Im I using my rack wrong?

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Im I using my rack wrong?

Postby Oddball » Oct 30, 2014 12:51 pm

To sum it up quickly i have a micro rack with two hyper bars. From what I read a micro (depending on who you ask) is not good for long descents. Have also read about adjusting the bars, which in my many descents have never done. I still have to feed rope to my rack and is the primary way I control speed. I understand the factor of rope weight but that is the basis of a "bottom bellay" (i think that is the term... you just add more weight to the rope.)
So the main question is using my hyperbars am I actually adjusting the first 2 bars by the way I feed rope in? And if i'm not planning on descending 200 ft a min where heat could become an issue, why do i need a long rack instead of my mirco?
I did not sum this up quickly as I said I would, but I have done 200 ft plus pits with no problem with my mirco when others may say use a long. any insight and knowledge will be helpful.
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Re: Im I using my rack wrong?

Postby GroundquestMSA » Oct 30, 2014 1:27 pm

Oddball wrote: From what I read a micro (depending on who you ask) is not good for long descents.

Micro racks have been used successfully for very long descents.
Oddball wrote:Have also read about adjusting the bars, which in my many descents have never done.

There's really no room to adjust bars on a micro rack, and it's impossible anyway if you're utilizing the hyperbar.
Oddball wrote: I still have to feed rope to my rack and is the primary way I control speed.

If by "feed" you mean manually push the rope through the descender, be careful, and read this. If you mean that you are primarily controlling your speed with your brake hand, then that's fine. Friction on the hip and/or brake hand as well as the angle of the rope as it exits the rack are how it's done.
Oddball wrote:So the main question is using my hyperbars am I actually adjusting the first 2 bars by the way I feed rope in?

How are you using the hyperbars? I haven't been using them at all lately, and I can't imagine a need to use them both unless you're locking off. Using the top hyperbar adds a lot of friction since it adds another surface, another bend, and it mashes the four bars together more tightly.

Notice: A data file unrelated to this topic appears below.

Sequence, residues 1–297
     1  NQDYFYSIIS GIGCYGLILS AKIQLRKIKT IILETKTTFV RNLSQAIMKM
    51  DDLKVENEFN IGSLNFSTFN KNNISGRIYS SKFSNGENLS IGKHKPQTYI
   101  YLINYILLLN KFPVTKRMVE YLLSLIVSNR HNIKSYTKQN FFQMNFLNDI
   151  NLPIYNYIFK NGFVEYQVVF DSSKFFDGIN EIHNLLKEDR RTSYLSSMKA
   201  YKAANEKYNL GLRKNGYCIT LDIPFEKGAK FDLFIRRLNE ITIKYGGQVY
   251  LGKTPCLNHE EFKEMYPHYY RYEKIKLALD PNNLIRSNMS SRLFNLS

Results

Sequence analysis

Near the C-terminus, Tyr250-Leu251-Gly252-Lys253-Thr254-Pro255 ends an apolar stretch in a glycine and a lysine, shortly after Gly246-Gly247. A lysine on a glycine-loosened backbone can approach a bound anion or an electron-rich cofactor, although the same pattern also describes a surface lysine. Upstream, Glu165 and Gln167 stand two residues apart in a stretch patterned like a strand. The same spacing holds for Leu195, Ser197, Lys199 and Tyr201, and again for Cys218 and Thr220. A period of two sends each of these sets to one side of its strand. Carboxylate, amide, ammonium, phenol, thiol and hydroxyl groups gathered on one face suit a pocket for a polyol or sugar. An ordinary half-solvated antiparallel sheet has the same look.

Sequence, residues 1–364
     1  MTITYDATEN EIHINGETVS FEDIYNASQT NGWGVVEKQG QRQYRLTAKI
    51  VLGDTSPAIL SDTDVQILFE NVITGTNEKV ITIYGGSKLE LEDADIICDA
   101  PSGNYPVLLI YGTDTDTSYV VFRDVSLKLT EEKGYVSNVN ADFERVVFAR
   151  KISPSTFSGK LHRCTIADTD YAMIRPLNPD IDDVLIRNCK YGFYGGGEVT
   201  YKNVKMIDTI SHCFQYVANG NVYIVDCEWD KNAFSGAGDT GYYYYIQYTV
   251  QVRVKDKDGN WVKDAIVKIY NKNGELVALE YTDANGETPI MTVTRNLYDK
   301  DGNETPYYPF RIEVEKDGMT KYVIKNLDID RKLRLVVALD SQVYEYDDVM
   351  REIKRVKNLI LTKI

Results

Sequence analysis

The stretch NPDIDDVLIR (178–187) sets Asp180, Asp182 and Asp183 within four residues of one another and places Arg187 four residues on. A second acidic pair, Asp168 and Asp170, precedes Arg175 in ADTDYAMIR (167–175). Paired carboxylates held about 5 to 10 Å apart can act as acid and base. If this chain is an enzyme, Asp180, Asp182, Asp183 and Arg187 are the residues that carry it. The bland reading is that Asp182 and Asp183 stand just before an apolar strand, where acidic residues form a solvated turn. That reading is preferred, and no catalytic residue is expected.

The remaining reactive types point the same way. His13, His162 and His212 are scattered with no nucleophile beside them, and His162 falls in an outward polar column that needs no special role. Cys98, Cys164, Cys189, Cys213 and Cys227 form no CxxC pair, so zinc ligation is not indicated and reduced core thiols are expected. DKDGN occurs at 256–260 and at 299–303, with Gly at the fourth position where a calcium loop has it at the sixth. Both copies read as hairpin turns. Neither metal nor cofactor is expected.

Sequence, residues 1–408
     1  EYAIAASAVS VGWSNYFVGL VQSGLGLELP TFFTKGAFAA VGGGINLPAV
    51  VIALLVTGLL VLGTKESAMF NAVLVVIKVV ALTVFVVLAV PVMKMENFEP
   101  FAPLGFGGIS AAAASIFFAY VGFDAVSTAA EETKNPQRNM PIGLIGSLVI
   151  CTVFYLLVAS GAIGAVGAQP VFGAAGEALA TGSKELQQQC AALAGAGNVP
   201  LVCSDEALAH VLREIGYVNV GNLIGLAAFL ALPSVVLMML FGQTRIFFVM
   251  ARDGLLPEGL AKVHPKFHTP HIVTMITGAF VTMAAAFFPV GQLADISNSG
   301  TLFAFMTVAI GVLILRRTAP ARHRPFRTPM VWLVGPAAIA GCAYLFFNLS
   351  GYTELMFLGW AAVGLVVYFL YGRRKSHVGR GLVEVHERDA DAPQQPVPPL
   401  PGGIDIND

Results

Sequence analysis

Oddball wrote:And if i'm not planning on descending 200 ft a min where heat could become an issue, why do i need a long rack instead of my mirco?

You don't.
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Re: Im I using my rack wrong?

Postby caver.adam » Oct 30, 2014 1:40 pm

I agree with what was said above.

Feeding rope can be dangerous in some situations. If you are feeding rope there are a number of factors you can adjust. Is your body positions correct (legs perpendicular to the rock face) or are you leaning too far forward? Do you have too many bars set? By using your hyperbar are you adjusting your bars automatically closed (the rope pulls the bars upwards toward the hyperbar as you brake)?

I have one hyperbar on my mini-rack and often rappel without using the hyperbar. Especially at the top of a tall drop. This lets me control my speed by moving my bars and by putting tension on my control/brake hand.

Issues with micro racks are two that I'm aware of. The first is that it is not possible to safely adjust the number of bars you are using and is harder to lock off your rack (unless you have double hyperbars). The second is that there is less metal to dissipate the heat. This heat can cause the rope sheath to be glazed. This decreases the life of the rope and can cause dangerous situations. I've even known 1 person to do a 400 foot pit with a micro rack and a squirt bottle to watercool his rack. But in general, if your rack is getting hot enough to glaze the sheath on the rope....it's too hot and you need another rack.
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Re: Im I using my rack wrong?

Postby caver.adam » Oct 30, 2014 1:41 pm

(Ok...there are a lot more than 2 issues I'm aware of...but they also apply to full sized racks so I'm not including them).
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Re: Im I using my rack wrong?

Postby rlboyce » Oct 30, 2014 5:44 pm

I made the mistake of purchasing an aluminum micro back when I first got into caving. I had to feed rope all the time, unless I was heavily weighted with gear. Even then, it was still slow progress. Using the hyperbar was almost a joke. I finally wised up and bought a stainless steel rack. Big difference. I still have to occasionally feed rope, but that's only if I'm rappelling very dirty rope and have little gear. I don't weigh much as others, so it'll probably always be an issue for me when using a rack.
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Re: Im I using my rack wrong?

Postby yvonnedroms » Oct 30, 2014 7:20 pm

If you weigh under 150 lbs or so, you need the longer version of the microrack, so you can spread the bars more. It feels counter-intuitive (longer rack for shorter, lighter people), but that's the way it works. If you're feeding rope into the rack in order to move down, beware! You could open a bar and then suddenly lose two bars, causing an out-of-control rappel. Get the proper descending gear for your weight and for your purposes (length of descent)...
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Re: Im I using my rack wrong?

Postby Oddball » Oct 31, 2014 7:49 am

I will clarify what I meant when said said I have to feed the rope as it seems to have been a common topic in the replies.I meant I use my brake hand as the main means of controlling decent speed, either by increasing friction or angle of the rope as it approaches the rack.
I do use my top hyperbar and the second when tying off.
I believe just through the replies I have received, I just had some misperceptions that I'm not really sure how I picked up.